Delaware's first month offering full-scale sports betting exceeded the state's expectations and resulted in approximately $1 million in revenue off of more than $7 million wagered in June, according to recently released revenue numbers.
Delaware was the first state to begin offering sports betting after the United States Supreme Court ruled in May that the federal ban on state-sponsored sports betting was unconstitutional.
Delaware's three racetracks and casinos began offering sports betting through the state lottery on June 5, just three weeks after the Supreme Court's ruling.
From June 5 to June 24, when the revenue numbers were reported to officials, nearly 70,000 wagers for a total of just over $7 million were made at Delaware Park, Dover Downs and Harrington Raceway. Bettors won a little more than $6 million, leaving the state with the $1 million in revenue.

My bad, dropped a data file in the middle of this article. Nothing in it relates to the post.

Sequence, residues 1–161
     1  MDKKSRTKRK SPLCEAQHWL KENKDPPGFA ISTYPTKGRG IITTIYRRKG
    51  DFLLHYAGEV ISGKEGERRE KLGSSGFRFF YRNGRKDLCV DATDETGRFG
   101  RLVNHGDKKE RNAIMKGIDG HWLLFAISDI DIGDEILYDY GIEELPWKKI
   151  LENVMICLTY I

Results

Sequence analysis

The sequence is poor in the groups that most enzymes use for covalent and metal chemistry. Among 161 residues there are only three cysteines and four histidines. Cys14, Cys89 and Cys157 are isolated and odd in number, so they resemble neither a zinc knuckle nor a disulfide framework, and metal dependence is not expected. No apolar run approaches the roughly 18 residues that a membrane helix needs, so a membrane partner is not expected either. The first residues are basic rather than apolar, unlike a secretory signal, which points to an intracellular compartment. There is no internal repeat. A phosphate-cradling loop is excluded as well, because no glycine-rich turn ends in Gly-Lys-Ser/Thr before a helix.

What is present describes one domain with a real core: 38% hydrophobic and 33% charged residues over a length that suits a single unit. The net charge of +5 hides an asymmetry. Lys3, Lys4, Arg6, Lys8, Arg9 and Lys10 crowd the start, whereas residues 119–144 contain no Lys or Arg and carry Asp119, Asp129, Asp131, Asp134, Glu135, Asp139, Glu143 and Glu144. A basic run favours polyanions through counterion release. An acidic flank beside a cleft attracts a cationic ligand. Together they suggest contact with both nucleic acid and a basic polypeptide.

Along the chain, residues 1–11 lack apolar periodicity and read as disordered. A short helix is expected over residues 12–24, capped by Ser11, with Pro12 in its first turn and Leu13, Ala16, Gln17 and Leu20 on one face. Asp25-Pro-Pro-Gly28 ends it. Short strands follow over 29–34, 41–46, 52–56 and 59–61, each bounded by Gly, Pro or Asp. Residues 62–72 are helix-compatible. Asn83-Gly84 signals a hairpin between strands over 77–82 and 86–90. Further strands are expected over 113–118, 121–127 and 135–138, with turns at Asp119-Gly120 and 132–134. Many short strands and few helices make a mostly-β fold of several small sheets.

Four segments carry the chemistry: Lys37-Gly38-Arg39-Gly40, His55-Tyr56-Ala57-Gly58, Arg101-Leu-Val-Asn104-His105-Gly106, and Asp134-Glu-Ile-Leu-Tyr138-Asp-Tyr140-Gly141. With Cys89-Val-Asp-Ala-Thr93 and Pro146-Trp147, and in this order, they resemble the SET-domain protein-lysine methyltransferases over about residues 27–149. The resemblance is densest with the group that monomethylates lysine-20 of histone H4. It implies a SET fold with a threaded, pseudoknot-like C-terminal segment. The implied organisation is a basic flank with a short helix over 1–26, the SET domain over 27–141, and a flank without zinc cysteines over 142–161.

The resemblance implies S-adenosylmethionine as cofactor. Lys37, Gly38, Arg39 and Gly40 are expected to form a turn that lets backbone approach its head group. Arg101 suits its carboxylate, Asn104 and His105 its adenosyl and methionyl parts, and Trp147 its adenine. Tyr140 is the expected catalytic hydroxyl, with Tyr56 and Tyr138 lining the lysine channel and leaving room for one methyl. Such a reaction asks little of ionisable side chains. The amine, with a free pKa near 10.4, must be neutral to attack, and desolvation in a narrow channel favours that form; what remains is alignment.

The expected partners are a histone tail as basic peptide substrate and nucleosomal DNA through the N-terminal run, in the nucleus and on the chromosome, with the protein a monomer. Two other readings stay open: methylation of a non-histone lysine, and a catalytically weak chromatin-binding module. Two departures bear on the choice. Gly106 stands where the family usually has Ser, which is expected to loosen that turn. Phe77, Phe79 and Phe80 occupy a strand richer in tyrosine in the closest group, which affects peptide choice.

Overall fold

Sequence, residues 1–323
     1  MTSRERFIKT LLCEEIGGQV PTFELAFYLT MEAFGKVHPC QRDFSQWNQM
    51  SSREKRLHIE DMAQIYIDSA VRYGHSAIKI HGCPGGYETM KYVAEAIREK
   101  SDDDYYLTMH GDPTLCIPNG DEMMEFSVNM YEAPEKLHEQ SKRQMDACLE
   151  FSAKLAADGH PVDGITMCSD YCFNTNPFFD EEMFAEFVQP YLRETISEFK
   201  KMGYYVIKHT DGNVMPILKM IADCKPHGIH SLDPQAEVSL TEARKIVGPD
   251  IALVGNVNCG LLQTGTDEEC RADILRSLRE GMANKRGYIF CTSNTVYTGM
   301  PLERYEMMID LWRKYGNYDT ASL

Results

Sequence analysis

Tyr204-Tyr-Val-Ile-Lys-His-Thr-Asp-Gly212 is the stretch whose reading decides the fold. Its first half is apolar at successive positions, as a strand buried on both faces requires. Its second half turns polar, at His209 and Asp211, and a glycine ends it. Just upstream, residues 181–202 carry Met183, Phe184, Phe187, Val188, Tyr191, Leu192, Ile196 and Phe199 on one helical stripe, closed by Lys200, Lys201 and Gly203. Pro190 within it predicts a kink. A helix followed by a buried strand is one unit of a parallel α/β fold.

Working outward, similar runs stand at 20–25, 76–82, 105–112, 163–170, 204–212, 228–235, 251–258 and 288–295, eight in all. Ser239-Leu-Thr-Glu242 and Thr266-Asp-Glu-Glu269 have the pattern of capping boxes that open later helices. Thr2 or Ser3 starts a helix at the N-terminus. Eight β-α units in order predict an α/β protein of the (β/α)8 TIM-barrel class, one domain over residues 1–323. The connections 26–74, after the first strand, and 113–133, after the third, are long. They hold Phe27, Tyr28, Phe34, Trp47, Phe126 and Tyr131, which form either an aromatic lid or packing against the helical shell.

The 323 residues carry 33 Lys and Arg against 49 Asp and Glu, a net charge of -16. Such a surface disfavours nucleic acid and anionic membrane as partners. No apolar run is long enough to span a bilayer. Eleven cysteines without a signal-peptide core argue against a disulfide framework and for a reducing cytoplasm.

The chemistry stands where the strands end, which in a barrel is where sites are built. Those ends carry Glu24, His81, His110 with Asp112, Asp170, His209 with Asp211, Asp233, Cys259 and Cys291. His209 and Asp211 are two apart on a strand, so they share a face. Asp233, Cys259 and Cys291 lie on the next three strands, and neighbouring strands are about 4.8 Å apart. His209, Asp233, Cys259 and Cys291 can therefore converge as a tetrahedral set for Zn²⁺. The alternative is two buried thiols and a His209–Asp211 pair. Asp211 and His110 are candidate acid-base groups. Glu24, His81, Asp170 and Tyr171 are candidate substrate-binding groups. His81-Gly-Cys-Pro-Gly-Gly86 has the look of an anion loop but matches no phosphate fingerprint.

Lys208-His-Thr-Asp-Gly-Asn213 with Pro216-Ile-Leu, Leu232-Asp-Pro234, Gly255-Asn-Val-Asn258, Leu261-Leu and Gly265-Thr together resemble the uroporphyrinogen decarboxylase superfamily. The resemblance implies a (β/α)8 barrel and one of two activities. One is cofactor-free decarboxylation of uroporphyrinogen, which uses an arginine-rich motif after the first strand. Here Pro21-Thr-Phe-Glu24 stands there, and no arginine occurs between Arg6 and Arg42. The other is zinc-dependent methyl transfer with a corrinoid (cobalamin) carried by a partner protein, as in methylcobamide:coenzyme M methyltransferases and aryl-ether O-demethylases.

During that three-week stretch, Delaware sportsbooks have a hold percentage -- the amount the house keeps of the amount wagered -- of better than 14 percent. In comparison, Nevada sportsbooks' hold percentage has been 5.5 percent since 1992.
In Delaware, futures bets, for example, on the odds to win the Super Bowl, that were placed in June are included in the amount wagered, which does create a slightly higher win percentage, but not by much, Kirk said.
"We were pleasantly surprised," said Delaware Lottery director Vernon Kirk. "I'm cautiously optimistic, but check back with me when football season starts. No matter how you look at it, we have a good first few weeks, but I'd be surprised if it stayed that strong."
Kirk said baseball accounted for 75 percent of the money wagered, with the World Cup (10 percent) and NBA Finals (8 percent) the next most popular events to bet during June.
Delaware had been offering parlay wagering on the NFL for the previous nine years and has made a smooth transition to full-scale sports wagering, Kirk said.
"We didn't quite expect the number of customers who were interested in the NBA Finals games," Kirk said. "It caught us a little off guard. Too many customers, that's a good problem to have, though."